Where new work has to be fitted to existing work or built to specific dimensions, as, for instance, built-in cupboards or panelling, on-site measurements must be taken. Assuming that an interior has to be measured (329:1), individual details should not be measured separately, but a running total should be preserved. Where corners or angles occur then templates should be made up from slat-wood (329:2), screwed together and carefully numbered; they can .then be unscrewed, bundled and reassembled in the workshop. Curves or irregular shapes can be scribed by fitting a waste piece of plywood, etc. up against the curve and scribing with a pair of wing-compasses, small block or the workshop rule, or a piece of stiff brown paper can be slit as shown in 329:3, the paper pushed against the curve and the strips bent back as in the dotted line. The approximate outline is then transferred to a piece of plywood and corrected as necessary.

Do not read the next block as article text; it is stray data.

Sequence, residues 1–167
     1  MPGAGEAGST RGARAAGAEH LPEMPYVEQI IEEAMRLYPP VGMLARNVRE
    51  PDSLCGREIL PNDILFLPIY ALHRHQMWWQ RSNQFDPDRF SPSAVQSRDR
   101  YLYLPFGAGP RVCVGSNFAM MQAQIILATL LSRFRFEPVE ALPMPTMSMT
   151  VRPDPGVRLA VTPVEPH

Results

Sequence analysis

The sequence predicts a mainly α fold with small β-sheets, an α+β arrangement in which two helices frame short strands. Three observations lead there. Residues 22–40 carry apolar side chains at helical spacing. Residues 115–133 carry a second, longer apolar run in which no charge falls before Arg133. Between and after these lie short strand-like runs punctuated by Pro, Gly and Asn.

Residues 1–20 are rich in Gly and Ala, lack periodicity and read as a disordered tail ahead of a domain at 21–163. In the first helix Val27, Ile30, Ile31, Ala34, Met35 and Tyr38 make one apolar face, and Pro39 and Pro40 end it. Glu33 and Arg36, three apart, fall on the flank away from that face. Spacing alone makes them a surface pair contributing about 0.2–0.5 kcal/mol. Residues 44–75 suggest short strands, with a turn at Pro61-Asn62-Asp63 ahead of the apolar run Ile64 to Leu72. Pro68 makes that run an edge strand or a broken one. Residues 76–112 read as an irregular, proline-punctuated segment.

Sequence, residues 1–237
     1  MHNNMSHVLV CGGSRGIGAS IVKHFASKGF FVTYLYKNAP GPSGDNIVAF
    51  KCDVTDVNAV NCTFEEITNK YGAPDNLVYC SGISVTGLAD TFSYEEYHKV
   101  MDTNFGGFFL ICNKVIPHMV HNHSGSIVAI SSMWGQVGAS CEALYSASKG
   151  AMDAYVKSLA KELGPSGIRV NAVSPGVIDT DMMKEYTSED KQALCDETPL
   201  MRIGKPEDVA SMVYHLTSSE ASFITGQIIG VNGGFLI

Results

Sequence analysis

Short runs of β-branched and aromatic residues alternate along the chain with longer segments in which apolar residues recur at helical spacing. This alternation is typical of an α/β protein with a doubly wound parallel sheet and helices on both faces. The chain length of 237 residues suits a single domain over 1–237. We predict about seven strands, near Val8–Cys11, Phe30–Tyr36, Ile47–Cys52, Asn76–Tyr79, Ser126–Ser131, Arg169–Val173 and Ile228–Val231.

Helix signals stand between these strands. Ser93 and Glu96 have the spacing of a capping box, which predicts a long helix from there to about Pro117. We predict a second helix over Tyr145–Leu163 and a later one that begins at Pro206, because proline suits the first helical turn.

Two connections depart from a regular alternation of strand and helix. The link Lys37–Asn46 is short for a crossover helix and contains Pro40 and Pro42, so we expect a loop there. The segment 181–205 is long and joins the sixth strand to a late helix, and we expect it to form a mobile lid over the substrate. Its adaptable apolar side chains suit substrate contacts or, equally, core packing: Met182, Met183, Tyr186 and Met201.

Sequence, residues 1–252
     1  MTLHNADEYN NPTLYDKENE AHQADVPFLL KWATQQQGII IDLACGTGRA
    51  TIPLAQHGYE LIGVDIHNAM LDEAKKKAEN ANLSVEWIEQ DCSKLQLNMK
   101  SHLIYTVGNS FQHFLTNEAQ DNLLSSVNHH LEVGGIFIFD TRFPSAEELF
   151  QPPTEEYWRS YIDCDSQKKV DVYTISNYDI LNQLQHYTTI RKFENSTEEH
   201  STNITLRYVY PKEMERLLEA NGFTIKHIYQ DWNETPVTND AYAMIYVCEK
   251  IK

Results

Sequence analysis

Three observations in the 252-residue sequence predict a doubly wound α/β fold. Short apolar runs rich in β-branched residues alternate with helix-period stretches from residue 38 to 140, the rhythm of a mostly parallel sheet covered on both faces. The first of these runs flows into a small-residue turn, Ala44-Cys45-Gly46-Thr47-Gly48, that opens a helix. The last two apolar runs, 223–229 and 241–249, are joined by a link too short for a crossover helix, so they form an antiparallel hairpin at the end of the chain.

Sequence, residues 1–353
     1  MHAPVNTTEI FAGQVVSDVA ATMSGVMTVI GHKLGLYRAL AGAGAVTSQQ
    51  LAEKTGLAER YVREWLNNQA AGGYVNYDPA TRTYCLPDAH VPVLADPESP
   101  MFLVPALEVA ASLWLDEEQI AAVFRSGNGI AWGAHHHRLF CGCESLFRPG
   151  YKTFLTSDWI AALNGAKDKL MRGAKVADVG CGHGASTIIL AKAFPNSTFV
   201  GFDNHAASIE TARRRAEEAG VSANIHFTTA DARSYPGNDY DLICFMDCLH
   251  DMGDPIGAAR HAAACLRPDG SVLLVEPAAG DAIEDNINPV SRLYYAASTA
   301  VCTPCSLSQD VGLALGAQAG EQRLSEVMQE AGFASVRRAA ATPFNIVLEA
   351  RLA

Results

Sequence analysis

328 Laying out with card template
For small details the Maco brass template shown in 207:2 is invaluable. Cupboards which have to fit existing openings must either have scribing fillets planted on or extra wide stiles or marginal moulds which are scribed and cut to the opening on the site. It is never wise to assume that plastered walls will be straight, corners square or floors level, for they rarely are.
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